Day 455: Andrew’s Brain

Cover for Andrew's BrainI’m not sure what I think of this short novel—perhaps that it’s a conceit.

Andrew is a cognitive scientist speaking to an unknown person, perhaps his psychiatrist, about his life. Andrew is an unreliable narrator, for at the end of the novel we find he cannot have been where he reports himself as having been (that is, if we believe the end of the novel). Further, he asserts several times that he has no emotions, when that is plainly untrue.

The novel begins with his story of abandoning his infant daughter after his second wife’s tragic death by giving her to his first wife Martha. Many of his reminiscences have to do with his actions being inadvertently destructive, but he also concentrates on his relationship with his much younger second wife, Briony.

In the midst of his stories he provides us with information about the workings of the brain and seems fascinated by the idea that scientists could one day manufacture a brain with consciousness. The novel poses questions about such subjects as whether free will exists, what composes consciousness, whether memory is reliable, but little nuggets about the workings of the brain are from relatively basic neuroscience, which does not leave me convinced that the observations are actually those of a scientist.

The turn the novel takes at the end is suddenly political and absurdist, and it has almost nothing to do with the rest of the book. Are we to believe Andrew’s story, or is he delusional (perhaps even a manufactured consciousness)? As I mentioned before, in one part of the novel he apparently phones his interlocutor to tell him he is living in a farmhouse with some people about whom he had at one time dreamed. At another point he is apparently writing a letter from a cabin high above a Norwegian fjord. When we finally learn what are supposed to be his actual circumstances, those reported two places of residence are plainly impossible.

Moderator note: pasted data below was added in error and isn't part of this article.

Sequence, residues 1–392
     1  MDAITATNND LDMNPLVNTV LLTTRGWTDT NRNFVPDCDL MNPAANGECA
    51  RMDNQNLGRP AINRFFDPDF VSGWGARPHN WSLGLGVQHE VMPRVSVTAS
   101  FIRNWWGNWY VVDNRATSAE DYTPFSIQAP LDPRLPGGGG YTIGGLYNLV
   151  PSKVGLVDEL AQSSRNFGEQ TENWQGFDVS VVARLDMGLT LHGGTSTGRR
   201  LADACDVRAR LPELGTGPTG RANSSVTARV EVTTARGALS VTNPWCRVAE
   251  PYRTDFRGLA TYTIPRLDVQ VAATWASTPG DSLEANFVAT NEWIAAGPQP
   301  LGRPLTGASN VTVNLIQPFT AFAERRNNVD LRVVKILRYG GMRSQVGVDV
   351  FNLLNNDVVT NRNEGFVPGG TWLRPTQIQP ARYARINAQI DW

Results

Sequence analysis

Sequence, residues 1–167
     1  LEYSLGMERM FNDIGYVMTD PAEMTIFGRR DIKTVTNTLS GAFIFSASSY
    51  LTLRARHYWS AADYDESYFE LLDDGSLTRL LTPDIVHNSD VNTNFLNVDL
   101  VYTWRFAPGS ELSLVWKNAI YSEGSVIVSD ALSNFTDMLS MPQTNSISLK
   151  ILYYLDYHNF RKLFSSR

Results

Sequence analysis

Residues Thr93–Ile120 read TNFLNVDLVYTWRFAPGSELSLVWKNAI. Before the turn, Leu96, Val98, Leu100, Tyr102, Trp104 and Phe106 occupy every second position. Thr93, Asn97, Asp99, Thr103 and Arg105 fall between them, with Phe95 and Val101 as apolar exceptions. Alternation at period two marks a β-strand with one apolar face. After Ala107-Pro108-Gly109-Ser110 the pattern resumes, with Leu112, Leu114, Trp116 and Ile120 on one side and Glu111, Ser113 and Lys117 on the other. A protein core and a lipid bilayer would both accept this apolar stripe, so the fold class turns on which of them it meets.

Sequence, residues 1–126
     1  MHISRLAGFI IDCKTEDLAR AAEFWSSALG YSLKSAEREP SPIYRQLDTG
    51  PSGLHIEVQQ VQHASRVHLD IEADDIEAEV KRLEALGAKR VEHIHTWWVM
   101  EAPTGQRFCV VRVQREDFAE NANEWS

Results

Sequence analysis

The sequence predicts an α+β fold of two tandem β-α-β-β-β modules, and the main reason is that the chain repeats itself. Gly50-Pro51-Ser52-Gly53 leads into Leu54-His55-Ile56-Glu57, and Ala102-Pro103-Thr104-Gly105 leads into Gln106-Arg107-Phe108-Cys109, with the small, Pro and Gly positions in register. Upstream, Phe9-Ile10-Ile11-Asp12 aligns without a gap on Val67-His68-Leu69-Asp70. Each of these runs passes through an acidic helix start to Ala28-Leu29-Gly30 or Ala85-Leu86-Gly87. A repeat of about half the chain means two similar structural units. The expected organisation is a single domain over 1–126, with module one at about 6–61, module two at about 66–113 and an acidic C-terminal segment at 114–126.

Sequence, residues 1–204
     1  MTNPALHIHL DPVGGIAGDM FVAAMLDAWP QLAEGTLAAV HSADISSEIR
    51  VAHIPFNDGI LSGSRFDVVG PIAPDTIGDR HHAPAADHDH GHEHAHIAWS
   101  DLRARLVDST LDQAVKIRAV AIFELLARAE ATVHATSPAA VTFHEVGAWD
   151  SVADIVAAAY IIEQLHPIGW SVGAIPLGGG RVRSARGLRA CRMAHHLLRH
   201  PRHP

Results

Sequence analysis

In any case, although this novel is interesting enough, it is ultimately unsatisfying and feels almost like a joke the author is playing on us.

Full disclosure: I received this novel free as a giveaway from Goodreads.

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5 thoughts on “Day 455: Andrew’s Brain

  1. Cecilia January 13, 2014 / 11:46 am

    I had a few opportunities to get an advance copy of this but after your review (and others similar to it) I’m glad I didn’t choose to read this. Too bad it turned out a disappointment! (But congrats on your win – I never win those giveaways and am amazed at people who do…)

    • whatmeread January 13, 2014 / 11:52 am

      I won a few but stopped entering the giveaways because the books I won were such a disappointment, and then I felt obligated to review them, having spent time to read them. If you read ebooks, you might try a service like Netgalley, which allows you to request books before or shortly after their publication that you think you might like. You’re not winning them–they look at the information about your blog that you provide and decide whether to let you have them. I have found that there is a lot less junk on that site. The site is aimed at professional readers, but you are considered one because you keep a blog. You get the book to download on your device for about 60 days, and then it expires. So far, they have given more than half the books I asked for. You are expected to provide feedback after you read the book, including posting a review.

      • Cecilia January 13, 2014 / 11:56 am

        Very interesting. I’ve heard of Netgallery but didn’t know the specifics of how it worked. I will check it out. Thanks!

  2. Carolyn O January 13, 2014 / 12:28 pm

    Yep, don’t think this one is for me, either. Glad you like NetGalley, though. 🙂

    • whatmeread January 13, 2014 / 12:35 pm

      I kept waiting for it to get somewhere, but when it got there, it was ridiculous!

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